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The Casio ROM
Pack system was a
of storing music
information, rather like modern-day MIDI files,
small, interchangable “cassettes” which plugged into a Casio keyboard,
like you might plug in a Flash memory card today.
The format first
appeared in 1983, and is similar in many respects to the Yamaha Playcard system, which
around the same time. Casio made a number of keyboard
models throughout the 1980s and early 1990s that accepted ROM Packs.
As well as just
listening to the music, ROM Pack keyboards had various training modes
to teach you to play the tunes, most using flashing LEDs above each key
to guide you - the precursor to the modern Key Lighting feature.
were read-only – you could buy various ROM packs with various tunes
but you could not record your own data to the packs. Casio
a writable equivalent – the “RAM Pack” – but very few keyboard models
supported the writable packs (in fact, the PT-50
is the only one I know of), and the packs themselves are
Thanks to a
hand-written note on the back of a PT-82 manual I recently acquired, I
now know that ROM packs retailed for £7.95 each at Cliff Owen Music in Seven
Kings (a shop which still exists at the time of writing) in around
support ROM Packs?
Casio keyboard models
support ROM Packs: PT-8, PT-50,
PT-80, PT-82, PT-87, PT-88, PT-180,
PT-480, PT-580, PT-680
MT-88, MT-800, MT-820, CT-800, CT-805,
SK-8, SK-8A. One source suggests that models PT-40 and PT-55 also support ROM Packs, but I can find no references to these keyboards anywhere - did they exist?
The Casio DH-280
Digital Horns (Wind Synthesizers)
was never licensed to any other manufacturer, but some ROM
Pack keyboards were sold under the Realistic
Concertmate brand in Tandy (UK) and Radio Shack (US) shops, but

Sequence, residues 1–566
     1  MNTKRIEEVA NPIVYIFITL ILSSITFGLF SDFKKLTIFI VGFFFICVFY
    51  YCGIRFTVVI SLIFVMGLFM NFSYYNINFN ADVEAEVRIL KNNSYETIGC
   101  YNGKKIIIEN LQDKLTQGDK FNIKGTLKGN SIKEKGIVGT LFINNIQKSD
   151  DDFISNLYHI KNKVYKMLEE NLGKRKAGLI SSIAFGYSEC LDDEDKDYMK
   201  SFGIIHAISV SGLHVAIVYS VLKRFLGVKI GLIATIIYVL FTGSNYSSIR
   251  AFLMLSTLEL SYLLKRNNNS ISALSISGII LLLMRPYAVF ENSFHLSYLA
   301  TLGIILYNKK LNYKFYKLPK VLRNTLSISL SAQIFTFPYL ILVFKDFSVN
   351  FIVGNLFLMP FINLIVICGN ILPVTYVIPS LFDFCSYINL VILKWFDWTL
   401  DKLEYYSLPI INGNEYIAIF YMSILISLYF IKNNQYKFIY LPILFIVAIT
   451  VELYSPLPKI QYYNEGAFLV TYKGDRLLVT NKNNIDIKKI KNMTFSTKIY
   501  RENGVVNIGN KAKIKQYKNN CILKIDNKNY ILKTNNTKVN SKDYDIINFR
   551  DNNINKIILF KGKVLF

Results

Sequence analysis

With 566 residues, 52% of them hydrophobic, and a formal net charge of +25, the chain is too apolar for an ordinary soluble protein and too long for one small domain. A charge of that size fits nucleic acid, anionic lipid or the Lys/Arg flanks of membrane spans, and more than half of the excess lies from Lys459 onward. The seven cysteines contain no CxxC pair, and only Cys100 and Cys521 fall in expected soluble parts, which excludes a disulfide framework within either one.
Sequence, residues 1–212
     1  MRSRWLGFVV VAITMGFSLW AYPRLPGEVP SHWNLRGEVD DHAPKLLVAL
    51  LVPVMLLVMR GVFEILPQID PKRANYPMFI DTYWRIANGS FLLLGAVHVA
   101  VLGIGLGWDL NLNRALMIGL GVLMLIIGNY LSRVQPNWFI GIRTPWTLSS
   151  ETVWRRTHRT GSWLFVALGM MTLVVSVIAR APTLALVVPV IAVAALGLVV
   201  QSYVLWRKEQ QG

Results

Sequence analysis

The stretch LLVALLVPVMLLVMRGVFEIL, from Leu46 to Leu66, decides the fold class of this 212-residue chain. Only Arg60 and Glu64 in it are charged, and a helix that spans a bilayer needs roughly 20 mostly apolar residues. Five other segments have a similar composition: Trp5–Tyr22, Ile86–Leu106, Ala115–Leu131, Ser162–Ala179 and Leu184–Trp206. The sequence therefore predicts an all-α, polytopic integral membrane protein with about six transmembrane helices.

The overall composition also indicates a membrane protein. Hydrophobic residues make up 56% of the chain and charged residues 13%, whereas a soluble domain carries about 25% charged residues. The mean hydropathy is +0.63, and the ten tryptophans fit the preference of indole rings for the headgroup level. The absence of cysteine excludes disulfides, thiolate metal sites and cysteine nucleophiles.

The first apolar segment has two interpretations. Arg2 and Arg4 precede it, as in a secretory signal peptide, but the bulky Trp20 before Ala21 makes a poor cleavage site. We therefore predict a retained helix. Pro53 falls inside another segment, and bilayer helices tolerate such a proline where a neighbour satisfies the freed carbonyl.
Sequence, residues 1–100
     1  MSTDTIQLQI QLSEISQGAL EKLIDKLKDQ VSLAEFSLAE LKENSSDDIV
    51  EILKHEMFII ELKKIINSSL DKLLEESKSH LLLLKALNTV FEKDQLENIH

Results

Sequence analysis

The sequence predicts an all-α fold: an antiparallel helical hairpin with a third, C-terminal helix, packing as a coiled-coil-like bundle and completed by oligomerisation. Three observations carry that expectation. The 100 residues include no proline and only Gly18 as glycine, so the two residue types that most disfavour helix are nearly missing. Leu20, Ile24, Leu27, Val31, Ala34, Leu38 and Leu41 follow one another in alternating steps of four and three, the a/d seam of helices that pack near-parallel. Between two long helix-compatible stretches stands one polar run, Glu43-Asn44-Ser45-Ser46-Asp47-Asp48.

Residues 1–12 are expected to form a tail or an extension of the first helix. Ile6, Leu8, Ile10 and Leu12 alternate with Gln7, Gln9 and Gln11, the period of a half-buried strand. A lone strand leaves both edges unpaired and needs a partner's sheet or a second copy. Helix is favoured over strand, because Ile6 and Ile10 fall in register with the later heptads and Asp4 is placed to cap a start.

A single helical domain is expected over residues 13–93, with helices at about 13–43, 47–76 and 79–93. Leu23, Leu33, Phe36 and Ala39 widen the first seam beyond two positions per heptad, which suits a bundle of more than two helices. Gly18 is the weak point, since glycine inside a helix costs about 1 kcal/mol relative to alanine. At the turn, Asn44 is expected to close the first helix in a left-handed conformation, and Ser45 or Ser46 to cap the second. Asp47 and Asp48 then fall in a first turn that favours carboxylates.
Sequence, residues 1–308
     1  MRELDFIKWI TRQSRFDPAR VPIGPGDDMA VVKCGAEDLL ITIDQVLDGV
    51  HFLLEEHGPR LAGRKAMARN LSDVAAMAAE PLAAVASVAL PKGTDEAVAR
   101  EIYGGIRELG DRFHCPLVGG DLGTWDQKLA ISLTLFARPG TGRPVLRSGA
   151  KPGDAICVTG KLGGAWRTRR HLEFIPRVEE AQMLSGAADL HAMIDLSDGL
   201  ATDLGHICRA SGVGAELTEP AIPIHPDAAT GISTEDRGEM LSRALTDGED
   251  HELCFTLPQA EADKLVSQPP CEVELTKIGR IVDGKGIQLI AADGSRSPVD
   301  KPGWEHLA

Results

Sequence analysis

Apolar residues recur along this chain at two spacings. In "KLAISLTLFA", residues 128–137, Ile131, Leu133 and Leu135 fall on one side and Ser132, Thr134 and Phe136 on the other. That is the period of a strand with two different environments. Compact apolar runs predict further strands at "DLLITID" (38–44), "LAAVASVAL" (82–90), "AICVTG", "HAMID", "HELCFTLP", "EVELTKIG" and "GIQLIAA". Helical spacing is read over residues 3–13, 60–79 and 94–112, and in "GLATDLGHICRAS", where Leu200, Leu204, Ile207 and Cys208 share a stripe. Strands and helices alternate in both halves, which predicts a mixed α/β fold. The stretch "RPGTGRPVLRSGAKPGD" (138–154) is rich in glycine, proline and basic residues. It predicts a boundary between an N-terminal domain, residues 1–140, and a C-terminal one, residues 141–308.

these were simply rebadged Casio models.
I was recently informed that a company called Liwaco
(chiefly known for making hand-held LCD electronic games) also sold
re-badged Casio keyboards in France, and possibly elsewhere as well. A number of these Liwaco clones were ROM
Pack-compatible, and it appears that the ROM Packs themselves supplied
with them were also rebranded as "Liwaco
ROM," with a very different label design from Casio-branded
ROMs. See this
Other manufacturers may also have cloned ROM Pack keyboards. The
Russian company Electronica
cloned the Casio VL-1, naming it the IM-46, so
it seems likely they would have cloned other models as well, and there
could be many others.
What ROM Packs
have created a List of Known Casio ROM
sources, some reliable, others not.
It's almost certainly not complete, and probably isn't very accurate,
but it gives an idea of the sort of music that was available on ROM
and seems to
the one Casio supplied with most of their ROM pack-compatible
keyboards, so there
are plenty of these around. Other ROM packs are actually quite scarce,
and usually only appear on eBay when bundled with a keyboard.
What does the
music sound like?
models render the ROM Pack music differently, but there are some audio
examples on the List of Casio ROM Packs.
What's inside a
couple of capacitors and a
contact strip. Most of the Pack is empty space. I think the pack was
probably designed to be this size so that Casio could fit all the stuff
required for the writable RAM Pack into the same package. The writable
packs didn't seem to catch on, so we're left with a ROM Pack that could
be roughly a quarter of the size it is. Of course, the marketing
department probably had a large say in the dimensions as well.
see for yourself (click the image for a high-resolution
IC, but other packs may contain
different ICs - I opened an RO-261 and found an OKI M5268. The PCB was
also much thinner, but otherwise identical.
I have not been able to find data
sheets for either of these ICs, and
the only information I can find on the system is in the SK-8 Service
Manual, and is very sketchy and leaves a lot of questions unanswered.
Please let me know
if you can help.